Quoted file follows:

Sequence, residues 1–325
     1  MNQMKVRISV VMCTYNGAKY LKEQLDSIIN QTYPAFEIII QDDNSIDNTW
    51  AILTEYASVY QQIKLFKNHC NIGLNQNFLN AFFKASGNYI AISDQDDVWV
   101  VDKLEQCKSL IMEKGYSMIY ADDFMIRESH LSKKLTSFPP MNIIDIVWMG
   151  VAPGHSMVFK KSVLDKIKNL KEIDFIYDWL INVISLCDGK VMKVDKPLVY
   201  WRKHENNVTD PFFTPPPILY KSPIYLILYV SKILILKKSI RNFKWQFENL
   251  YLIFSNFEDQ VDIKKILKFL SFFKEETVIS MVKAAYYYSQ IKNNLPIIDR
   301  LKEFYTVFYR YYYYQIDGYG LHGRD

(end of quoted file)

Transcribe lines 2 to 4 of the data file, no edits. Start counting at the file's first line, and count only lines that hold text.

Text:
     1  MNQMKVRISV VMCTYNGAKY LKEQLDSIIN QTYPAFEIII QDDNSIDNTW
    51  AILTEYASVY QQIKLFKNHC NIGLNQNFLN AFFKASGNYI AISDQDDVWV
   101  VDKLEQCKSL IMEKGYSMIY ADDFMIRESH LSKKLTSFPP MNIIDIVWMG